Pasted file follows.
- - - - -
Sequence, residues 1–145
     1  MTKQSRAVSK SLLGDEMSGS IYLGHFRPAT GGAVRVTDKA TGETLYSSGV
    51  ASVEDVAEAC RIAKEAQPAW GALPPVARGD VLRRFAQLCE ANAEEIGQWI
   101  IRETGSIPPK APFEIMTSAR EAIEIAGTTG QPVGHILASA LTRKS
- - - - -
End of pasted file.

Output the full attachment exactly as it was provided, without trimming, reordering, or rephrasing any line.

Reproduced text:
Sequence, residues 1–145
     1  MTKQSRAVSK SLLGDEMSGS IYLGHFRPAT GGAVRVTDKA TGETLYSSGV
    51  ASVEDVAEAC RIAKEAQPAW GALPPVARGD VLRRFAQLCE ANAEEIGQWI
   101  IRETGSIPPK APFEIMTSAR EAIEIAGTTG QPVGHILASA LTRKS